=> ExecuteWithResiliency((s, p, c) => c.QueryFirstOrDefaultAsync<T>(s, p, transaction, commandTimeout, commandType), sql, param);
    
      public Task<IEnumerable<T>> QueryAsync<T>(string sql, object param = null, IDbTransaction transaction = null, int? commandTimeout = null, CommandType? commandType = null) 
          => ExecuteWithResiliency((s, p, c) => c.QueryAsync<T>(s, p, transaction, commandTimeout, commandType), sql, param);
    
      public Task<IEnumerable<TReturn>> QueryAsync<TFirst, TSecond, TReturn>(string sql, Func<TFirst, TSecond, TReturn> map, object param = null, IDbTransaction transaction = null, bool buffered = true, string splitOn = "Id", int? commandTimeout = null, CommandType? commandType = null) 
          => ExecuteWithResiliency((s, p, c) => c.QueryAsync(s, map, p, transaction, buffered, splitOn, commandTimeout, commandType), sql, param);
    
      public Task<IEnumerable<TReturn>> QueryAsync<TFirst, TSecond, TThird, TReturn>(string sql, Func<TFirst, TSecond, TThird, TReturn> map, object param = null, IDbTransaction transaction = null, bool buffered = true, string splitOn = "Id", int? commandTimeout = null, CommandType? commandType = null) 
          => ExecuteWithResiliency((s, p, c) => c.QueryAsync(s, map, p, transaction, buffered, splitOn, commandTimeout, commandType), sql, param);
    
      private async Task<T> ExecuteWithResiliency<T>(Func<string, object, SqlConnection, Task<T>> connectionFunc, string sql, object param = null, [CallerMemberName] string operation = "")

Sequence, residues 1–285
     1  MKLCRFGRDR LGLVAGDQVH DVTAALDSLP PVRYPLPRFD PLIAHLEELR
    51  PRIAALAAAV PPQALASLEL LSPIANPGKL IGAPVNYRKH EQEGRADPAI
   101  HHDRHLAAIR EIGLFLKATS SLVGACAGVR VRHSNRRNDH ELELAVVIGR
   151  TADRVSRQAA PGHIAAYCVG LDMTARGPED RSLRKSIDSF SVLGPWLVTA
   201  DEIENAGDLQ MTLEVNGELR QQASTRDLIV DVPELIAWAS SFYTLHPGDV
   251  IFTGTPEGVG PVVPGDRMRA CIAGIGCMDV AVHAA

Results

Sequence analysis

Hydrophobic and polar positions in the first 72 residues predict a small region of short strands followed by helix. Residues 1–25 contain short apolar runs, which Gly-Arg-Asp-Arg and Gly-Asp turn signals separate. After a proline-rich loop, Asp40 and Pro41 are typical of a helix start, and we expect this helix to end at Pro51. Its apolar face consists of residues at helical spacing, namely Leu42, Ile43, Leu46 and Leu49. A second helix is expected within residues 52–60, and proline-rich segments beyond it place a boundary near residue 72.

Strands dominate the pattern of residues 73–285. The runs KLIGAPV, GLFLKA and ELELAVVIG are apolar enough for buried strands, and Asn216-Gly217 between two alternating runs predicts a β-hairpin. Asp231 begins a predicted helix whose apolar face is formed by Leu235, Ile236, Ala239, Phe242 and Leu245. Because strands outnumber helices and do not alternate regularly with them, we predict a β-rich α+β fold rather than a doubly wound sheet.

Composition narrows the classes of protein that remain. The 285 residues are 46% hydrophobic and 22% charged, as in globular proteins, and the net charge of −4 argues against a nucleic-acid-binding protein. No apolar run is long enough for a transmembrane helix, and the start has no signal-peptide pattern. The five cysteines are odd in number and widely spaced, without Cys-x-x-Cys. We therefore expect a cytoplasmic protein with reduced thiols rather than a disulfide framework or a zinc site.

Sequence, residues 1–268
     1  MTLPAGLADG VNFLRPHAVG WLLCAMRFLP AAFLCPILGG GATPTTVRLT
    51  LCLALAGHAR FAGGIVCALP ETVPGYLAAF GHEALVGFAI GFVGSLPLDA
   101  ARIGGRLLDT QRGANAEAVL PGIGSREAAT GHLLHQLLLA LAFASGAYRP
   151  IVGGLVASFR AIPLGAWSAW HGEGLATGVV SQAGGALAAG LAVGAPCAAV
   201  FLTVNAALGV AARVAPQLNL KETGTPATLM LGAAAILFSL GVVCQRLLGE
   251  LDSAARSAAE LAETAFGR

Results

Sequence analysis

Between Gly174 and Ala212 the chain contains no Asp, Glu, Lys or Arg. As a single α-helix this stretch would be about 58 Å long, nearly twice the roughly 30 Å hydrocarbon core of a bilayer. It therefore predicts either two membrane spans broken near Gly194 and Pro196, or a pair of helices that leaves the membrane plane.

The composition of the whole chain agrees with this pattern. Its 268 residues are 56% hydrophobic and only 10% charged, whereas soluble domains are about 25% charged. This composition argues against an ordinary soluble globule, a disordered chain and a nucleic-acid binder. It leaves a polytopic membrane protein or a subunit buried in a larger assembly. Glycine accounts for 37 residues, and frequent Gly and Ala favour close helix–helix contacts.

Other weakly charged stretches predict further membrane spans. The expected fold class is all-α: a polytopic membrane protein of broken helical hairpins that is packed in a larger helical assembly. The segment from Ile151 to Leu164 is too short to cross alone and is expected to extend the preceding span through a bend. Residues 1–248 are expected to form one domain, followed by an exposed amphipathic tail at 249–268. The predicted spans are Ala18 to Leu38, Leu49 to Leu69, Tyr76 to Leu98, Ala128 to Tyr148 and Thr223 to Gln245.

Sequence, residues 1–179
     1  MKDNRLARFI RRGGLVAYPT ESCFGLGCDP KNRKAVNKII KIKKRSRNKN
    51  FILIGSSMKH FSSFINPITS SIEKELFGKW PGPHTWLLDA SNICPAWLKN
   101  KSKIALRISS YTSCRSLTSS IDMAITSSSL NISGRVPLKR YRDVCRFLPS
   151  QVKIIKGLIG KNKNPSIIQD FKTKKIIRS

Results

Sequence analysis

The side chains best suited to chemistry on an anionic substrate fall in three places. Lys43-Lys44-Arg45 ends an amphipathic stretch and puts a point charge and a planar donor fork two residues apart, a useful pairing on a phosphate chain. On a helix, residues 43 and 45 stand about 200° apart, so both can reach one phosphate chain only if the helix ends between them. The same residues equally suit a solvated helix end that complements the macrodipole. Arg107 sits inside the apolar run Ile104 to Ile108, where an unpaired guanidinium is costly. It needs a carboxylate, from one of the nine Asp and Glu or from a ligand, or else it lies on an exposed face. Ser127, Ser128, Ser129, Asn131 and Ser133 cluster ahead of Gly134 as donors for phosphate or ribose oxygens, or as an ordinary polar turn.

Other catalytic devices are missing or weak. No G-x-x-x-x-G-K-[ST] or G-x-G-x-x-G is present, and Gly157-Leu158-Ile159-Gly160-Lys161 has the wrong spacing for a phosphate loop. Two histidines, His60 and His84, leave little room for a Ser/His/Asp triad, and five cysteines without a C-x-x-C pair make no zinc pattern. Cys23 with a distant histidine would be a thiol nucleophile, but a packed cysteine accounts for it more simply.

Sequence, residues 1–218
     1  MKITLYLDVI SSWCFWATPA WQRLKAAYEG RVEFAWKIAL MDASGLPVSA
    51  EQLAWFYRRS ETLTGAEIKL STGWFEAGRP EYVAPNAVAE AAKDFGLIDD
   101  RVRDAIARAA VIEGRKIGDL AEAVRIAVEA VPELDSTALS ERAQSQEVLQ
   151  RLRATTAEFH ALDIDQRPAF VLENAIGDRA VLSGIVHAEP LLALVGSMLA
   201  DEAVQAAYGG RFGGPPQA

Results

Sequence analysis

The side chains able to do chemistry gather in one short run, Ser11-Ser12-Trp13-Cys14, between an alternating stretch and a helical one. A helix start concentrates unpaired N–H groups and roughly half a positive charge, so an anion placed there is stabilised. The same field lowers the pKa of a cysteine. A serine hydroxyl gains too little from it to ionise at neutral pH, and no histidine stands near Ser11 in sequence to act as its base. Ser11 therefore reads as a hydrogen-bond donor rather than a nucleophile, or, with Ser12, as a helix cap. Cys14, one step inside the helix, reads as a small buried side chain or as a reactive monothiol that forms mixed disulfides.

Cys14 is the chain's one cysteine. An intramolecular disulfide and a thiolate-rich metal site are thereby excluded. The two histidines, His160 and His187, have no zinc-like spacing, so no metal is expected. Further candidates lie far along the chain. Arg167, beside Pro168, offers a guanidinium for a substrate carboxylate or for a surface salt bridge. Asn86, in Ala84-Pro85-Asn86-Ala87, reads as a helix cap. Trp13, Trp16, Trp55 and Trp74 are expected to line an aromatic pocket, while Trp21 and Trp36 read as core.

{
          using var connection = connectionFactory();
          return await resiliencyPolicy.ExecuteAsync(
              ctx => connectionFunc(sql, param, connection), 
              NewContext(connection, logger, sql, param, operation));
      }
    }
    

    Notice we bring everything down to the ExecuteWithResiliency method that captures the extension method we want to execute, the sql we want to run and the parameters object that we pass to Dapper. In this method we create the connection and the instance of the execution Context and run our captured extension method with the provided arguments.

    Summary

    We have seen how to make a SqlDapperClient client resilient to transient errors with a global timeout on operations and reject constraint violations. And we've also seen how to make great use of Polly's execution Context to pass execution specific details to our policies. Finally we introduced a mockable wrapper for Dapper that will let us assert the against the passed arguments to the underlying extension methods. That's it for this post, hope you enjoyed it.